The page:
The most remarkable thing about Billy’s Hollywood Screen Kiss is its age. Watching it today, it’s hard to believe that this sensitive, nuanced portrayal of a gay man is nearly twenty years old. Sean Hayes, in the title role, is a world away from his more famous role of campy queen Jack on Will & Grace. Billy is charmingly unstereotypical, neither over the top camp nor consumed by guilt and doubt over his sexuality. He’s calm, chilled and fun, confident enough in himself and in his sexuality to explain the Kinsey scale to others and happily declare himself to be a 6. This early role for Hayes also gives him a chance to show off the comedic talent that would make his name. It’s no exaggeration to say that he carries this movie, and it’s quite exciting to see the young Hayes as a star in the making.
Unfortunately, the delightful Billy is saddled with a real bore of a love interest. Blandly handsome waiter Gabriel, played by Brad Rowe, claims to be straight and in a long-distance relationship. Nevertheless, Billy falls for him. It’s true that the two actors have undeniable, riveting chemistry - which, again, is shocking for a film released in the gay-unfriendly era when “Don’t Ask, Don’t Tell” was a matter of public policy - but Gabriel just isn’t that interesting a character. It’s hard to feel really invested in their will-they-won’t-they relationship, because dull hunk Gabriel just doesn’t feel worthy of sparky, lively, creative Billy.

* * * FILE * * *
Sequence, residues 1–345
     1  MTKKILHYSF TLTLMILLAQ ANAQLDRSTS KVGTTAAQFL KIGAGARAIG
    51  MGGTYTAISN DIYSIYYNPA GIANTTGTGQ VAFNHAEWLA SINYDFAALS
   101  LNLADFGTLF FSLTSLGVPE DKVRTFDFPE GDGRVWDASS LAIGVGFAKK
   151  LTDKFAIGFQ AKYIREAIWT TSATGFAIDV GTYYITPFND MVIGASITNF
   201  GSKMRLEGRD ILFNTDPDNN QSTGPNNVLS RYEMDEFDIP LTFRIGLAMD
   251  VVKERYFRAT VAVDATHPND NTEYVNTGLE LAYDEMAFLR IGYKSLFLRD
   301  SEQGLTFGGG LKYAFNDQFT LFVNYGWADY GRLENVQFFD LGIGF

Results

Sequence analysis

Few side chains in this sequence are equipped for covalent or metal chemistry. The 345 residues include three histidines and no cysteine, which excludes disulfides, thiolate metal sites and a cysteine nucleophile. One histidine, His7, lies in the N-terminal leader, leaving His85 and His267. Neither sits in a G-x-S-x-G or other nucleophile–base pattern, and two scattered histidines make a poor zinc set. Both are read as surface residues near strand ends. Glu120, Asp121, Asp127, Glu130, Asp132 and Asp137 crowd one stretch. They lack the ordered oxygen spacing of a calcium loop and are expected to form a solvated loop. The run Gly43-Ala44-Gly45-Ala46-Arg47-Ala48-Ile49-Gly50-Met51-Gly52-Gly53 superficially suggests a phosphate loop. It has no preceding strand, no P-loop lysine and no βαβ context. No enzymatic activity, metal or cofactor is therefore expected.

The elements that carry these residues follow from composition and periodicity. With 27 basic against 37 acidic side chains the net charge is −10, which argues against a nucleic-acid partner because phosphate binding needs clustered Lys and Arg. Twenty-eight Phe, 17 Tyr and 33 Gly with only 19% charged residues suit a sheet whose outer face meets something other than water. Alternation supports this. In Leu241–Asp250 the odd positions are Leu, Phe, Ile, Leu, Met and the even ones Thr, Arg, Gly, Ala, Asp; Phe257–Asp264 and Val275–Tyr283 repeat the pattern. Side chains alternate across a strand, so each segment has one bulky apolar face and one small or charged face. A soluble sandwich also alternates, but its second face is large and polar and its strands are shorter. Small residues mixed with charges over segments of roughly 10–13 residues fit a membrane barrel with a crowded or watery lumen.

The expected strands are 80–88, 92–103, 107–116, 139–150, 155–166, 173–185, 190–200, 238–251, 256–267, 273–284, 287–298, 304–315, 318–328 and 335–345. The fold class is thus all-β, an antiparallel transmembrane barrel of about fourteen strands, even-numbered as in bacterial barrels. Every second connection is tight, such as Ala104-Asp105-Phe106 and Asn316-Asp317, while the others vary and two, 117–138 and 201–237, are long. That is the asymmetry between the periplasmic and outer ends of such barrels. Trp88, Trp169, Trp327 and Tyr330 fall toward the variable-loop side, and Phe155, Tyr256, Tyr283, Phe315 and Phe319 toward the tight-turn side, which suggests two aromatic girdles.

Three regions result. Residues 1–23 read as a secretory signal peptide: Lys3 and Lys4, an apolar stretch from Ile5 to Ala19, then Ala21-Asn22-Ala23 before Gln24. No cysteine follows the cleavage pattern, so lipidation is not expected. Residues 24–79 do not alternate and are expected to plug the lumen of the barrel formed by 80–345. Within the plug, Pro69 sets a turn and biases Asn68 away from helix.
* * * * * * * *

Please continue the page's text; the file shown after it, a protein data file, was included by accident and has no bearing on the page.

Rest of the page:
The men struggle admirably with the material, and do particularly well when Gabriel finds himself spending the night at Billy’s place. The sexual tension in this scene is gripping, but it’s over far too soon, and the rest of the movie doesn’t quite live up to its promise. Watching at home, the viewer starts wishing desperately that Billy would just get over his crush and find someone more interesting to pursue.
However, despite the rather leaden love interest, there’s still a lot to enjoy here. Billy’s creative project - reenacting famous heterosexual screen kisses from Hollywood classics, using drag queens - is well thought-out, and the soundtrack (complete with drag queen lip-synching) is perky and fun. The jokes are good, and Hayes really is a great comedic performer, although admittedly there’s few laugh-out-loud moments. Billy’s daydreams are real stand-outs, and will reward anyone who enjoys the Golden Age of Hollywood - there’s plenty of references to classic films which may go over the head of non-cinephiles.
Most satisfying is the simple fact that this is a romantic comedy revolving around a gay man without relegating him to the position of sexless best friend, or turning his sexuality into a Very Special Episode-style educational experience. Even twenty years on, it’s hard to think of many films that offer the same matter-of-fact view of gay life.
There’s a lot of good ideas in Billy’s Hollywood Screen Kiss, enough to suggest that there could’ve been a better movie if less attention was spent on Gabriel.
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